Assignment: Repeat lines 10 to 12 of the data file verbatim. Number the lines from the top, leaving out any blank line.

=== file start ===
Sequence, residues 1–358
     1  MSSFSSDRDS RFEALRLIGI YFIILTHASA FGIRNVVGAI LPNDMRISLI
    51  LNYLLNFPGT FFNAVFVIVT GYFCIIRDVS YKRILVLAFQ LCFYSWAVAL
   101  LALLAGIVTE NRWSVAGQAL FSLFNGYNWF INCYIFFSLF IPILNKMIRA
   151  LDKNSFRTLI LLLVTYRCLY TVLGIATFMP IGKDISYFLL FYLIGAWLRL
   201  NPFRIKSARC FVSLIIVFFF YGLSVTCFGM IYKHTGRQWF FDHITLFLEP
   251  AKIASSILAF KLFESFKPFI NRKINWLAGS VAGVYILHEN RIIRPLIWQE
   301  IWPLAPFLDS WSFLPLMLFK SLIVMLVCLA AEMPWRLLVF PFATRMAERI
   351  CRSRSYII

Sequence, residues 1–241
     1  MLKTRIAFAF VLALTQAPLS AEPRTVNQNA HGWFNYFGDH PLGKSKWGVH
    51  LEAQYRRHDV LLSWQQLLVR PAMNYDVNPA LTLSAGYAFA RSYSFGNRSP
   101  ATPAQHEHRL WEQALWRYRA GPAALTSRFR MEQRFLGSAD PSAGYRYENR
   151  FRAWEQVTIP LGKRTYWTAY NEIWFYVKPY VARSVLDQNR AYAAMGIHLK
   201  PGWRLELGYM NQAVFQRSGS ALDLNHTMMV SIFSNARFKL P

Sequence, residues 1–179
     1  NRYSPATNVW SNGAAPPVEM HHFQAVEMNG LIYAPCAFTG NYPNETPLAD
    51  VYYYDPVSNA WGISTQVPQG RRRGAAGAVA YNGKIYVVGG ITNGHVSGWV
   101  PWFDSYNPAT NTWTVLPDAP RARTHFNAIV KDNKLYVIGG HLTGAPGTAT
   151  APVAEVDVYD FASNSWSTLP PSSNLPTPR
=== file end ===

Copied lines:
Sequence, residues 1–241
     1  MLKTRIAFAF VLALTQAPLS AEPRTVNQNA HGWFNYFGDH PLGKSKWGVH
    51  LEAQYRRHDV LLSWQQLLVR PAMNYDVNPA LTLSAGYAFA RSYSFGNRSP